Thursday was St. Patrick’s Day. So far as I could see, nobody in Portugal cared. The early risers decided to change things up for breakfast, and we went to Copenhagen Coffee Lab instead of our normal pastelaria. This was a chain restaurant, but not one we have at home, so we figured it was o.k. Amy, Cole, Kenza, and I made our way down (in Lisbon, you always remember whether the destination was up or down) to the restaurant. I had a double espresso along with some salmon and eggs. I am not used to espresso, and even though I know it’s strong, even a double seemed woefully insufficient given how little liquid was in the cup. After sipping the stuff, I realized it was plenty. It’s definitely potent.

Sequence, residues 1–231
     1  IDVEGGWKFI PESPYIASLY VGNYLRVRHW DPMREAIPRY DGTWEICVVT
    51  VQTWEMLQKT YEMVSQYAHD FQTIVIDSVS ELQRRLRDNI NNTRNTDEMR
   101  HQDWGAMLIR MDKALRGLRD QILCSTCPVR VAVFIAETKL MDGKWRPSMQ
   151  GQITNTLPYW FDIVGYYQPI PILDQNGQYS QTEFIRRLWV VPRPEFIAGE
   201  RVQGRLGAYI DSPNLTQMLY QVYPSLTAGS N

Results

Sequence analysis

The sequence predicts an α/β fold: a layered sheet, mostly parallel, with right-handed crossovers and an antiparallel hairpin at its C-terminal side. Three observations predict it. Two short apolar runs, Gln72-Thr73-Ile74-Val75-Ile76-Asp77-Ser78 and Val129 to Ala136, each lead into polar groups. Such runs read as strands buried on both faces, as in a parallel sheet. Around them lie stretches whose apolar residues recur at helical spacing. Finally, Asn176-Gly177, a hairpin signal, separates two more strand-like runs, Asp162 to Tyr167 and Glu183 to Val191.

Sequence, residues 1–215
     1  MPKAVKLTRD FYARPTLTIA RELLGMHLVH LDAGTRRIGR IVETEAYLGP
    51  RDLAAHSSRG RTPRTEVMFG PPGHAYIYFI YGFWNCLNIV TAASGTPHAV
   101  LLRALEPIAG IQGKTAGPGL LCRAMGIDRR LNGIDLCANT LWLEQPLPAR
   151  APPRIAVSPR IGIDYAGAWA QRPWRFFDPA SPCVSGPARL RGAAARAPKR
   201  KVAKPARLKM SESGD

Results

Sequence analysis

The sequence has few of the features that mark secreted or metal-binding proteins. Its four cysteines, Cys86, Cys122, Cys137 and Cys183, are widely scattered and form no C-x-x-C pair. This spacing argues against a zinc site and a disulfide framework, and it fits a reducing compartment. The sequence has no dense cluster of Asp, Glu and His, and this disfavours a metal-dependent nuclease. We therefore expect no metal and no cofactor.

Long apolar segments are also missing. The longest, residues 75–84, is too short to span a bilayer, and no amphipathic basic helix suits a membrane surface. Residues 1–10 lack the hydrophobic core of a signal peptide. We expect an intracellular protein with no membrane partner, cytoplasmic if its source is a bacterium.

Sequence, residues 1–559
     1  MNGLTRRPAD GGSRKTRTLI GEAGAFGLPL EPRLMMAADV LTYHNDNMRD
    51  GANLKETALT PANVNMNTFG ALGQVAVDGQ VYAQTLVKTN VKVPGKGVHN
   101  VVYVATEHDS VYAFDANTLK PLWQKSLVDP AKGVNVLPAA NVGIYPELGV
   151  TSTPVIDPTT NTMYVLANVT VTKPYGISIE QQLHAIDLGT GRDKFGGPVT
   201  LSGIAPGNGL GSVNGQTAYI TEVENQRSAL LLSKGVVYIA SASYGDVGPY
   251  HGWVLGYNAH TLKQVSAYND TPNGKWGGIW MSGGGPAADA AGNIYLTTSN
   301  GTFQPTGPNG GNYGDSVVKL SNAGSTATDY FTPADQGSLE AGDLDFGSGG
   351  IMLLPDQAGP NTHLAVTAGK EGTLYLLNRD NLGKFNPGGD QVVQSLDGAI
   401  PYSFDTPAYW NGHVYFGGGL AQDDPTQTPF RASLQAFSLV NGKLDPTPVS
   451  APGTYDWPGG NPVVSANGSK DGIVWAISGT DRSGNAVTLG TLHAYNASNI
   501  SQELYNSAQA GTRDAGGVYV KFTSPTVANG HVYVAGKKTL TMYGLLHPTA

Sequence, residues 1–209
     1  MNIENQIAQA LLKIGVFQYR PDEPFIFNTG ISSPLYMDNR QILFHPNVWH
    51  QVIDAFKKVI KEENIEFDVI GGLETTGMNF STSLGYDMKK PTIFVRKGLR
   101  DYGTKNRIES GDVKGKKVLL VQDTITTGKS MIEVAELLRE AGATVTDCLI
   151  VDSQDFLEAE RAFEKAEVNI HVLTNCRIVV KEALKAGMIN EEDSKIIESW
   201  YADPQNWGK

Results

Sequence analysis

We were headed to Porto that day and had to check out of our Lisbon apartment by 11, so we headed back and finished packing. There had been an incident with some wine and a chair the night before. Matt and Suzie were taking care of clean up. They indicated they were making progress. I was skeptical. I think we’re still kind of holding our breath to see if an extra charge materializes. We took an Uber to Oriente Station where we caught a train to Porto. There was a brief period of irritation as the girls disappeared into the train station just before it was time to head up to the platform. We had plenty of time as it turns out, but I get anxious about time when I am unfamiliar with the schedules and the terrain. The ride was reasonably comfortable and uneventful. I mostly spent my time reading “Drunk: How We Slipped, Danced, and Stumbled our Way to Civilization” by Edward Slingerland. (His theory is that inebriation, despite its obvious costs, has adaptive advantages for primates forced into close proximity with one another and facilitates creativity and collaboration.)